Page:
Like 2
  15. Avatar photo John Oliveri

    Needs A/C or with all that glass , it’s gonna be a burner all summer long, and that’s when your gonna drive this Puppy, 396 would’ve been nice too

    Like 1
    • Avatar photo William I Decker Member

      Well if we’re specifying options…….

      Like 0
      • Avatar photo John Oliveri

        Power windows, locks, tilt, seats, now we’re talking w a 396, A/C of course

        Like 0
  16. Avatar photo Karl

    Like RS accurately detailed my Mom and Dad bought a 69 Kingswood estate and it had a 350 with a turbo 350 trans it was a red car with all the wood on it to. Of course in the summer we had to flip the air cleaner top so you could hear that Rochester sucking air better. I do remember it was kind of a fancy car for our family in the day!

    Like 0
  17. Avatar photo Gray Wolf

    I have a ‘66 Chevy Impala s/w, 396-400trans-12bolt diff-a/c-p/s-pb with added disc. All number matching drivetrain. It will surprise many people how fast this big dog is. SO MUCH FUN!

    Like 0
  18. Avatar photo Terry Bowman

    I’m sure the AC set up is for under dash vents, like the Dodge Darts had.

    Like 0
    • Avatar photo John Oliveri

      Or swap the dash from a A/C car, all according to how bad you want, myself it’s a deal breaker

      Like 0
  19. Avatar photo Whatcha Do yea

    Is it me or does the front end set up a bit higher then the back end. Might it need shocks, or maybe springs? Just saying.

    Like 0
    • Avatar photo Terry Bowman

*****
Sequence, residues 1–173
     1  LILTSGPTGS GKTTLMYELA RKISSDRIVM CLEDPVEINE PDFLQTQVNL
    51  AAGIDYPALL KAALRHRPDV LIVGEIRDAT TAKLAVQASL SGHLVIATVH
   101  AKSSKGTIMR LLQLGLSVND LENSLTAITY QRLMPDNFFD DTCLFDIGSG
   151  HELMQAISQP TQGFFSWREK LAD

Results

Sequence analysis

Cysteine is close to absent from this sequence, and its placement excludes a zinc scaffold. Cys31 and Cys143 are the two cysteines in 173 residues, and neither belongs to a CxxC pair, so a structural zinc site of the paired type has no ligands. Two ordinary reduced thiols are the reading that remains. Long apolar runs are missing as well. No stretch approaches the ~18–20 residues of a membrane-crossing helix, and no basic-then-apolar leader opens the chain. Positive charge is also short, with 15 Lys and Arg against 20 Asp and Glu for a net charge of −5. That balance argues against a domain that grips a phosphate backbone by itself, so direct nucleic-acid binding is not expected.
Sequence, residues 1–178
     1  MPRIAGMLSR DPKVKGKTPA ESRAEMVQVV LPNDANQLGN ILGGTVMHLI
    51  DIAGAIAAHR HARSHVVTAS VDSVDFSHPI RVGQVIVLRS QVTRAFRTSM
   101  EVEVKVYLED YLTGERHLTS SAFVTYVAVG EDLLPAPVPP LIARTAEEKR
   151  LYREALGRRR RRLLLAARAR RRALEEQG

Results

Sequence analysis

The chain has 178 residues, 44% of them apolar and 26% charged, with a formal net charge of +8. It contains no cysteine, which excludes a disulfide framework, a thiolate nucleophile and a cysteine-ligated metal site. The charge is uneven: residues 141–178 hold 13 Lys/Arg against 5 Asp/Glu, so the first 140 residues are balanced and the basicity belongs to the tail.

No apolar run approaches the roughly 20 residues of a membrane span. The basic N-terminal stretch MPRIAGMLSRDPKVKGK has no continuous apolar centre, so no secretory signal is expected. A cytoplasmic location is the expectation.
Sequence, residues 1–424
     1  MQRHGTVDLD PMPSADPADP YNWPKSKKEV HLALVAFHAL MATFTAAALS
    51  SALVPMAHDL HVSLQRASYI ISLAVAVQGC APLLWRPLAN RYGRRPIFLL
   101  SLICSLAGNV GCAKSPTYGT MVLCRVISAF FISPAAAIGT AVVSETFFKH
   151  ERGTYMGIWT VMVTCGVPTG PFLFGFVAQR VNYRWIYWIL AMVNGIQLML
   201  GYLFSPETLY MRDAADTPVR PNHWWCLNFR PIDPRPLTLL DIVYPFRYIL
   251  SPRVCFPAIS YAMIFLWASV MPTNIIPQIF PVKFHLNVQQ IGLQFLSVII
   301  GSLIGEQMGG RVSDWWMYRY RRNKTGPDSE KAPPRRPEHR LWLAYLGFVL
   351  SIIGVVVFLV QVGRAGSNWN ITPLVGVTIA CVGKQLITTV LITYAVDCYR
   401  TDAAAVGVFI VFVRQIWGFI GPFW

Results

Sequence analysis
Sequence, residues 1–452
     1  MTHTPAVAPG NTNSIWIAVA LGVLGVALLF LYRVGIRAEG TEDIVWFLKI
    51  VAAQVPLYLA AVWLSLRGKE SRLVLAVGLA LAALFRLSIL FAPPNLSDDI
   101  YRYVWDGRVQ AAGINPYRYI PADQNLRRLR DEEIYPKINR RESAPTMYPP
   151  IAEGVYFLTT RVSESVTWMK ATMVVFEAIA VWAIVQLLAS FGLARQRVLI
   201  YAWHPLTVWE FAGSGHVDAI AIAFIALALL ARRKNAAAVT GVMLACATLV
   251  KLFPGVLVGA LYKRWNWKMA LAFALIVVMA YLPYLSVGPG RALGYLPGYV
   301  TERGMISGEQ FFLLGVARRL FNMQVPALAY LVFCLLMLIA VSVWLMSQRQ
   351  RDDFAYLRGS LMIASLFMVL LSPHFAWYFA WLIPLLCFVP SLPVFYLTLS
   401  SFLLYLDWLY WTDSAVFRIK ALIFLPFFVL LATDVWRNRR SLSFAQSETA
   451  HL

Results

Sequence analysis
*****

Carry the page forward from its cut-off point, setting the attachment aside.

Whatcha, shocks don’t give a car height, springs do, some coil and some leaf. You are right, the car seems to sag in the rear and my experience with wagons and vans (had both my whole life) is they will sag if used often in hauling heavy items. Wagons I have used booster springs or air shocks (not your standard shock) and the vans I upgraded a size set of springs (from your local junk yard) to give it the extra rear lift. I guest what I’m saying is, the springs do wear out if over loaded.

      Like 0
  20. Avatar photo TimM

    I got a 396 from a wrecked 67 caprice that would fit right in there but a 327 is no slouch!!!

    Like 0
  21. Avatar photo Anav8r

    This engine has fuelie heads on it. Was that standard?

    Like 0
    • Avatar photo Terry Bowman

      If it had 275 HP, I would think it would be a double hump head (low CC). Dodge did the same with their trucks and vans by putting “J” heads (late 340 heads) on their 360’s in 71′ and I think 72’s. Just had to install 2.02 intake valves and they would be the same head as the early 340 “X” head. Both had the 1.60 exhaust valves.

      Like 0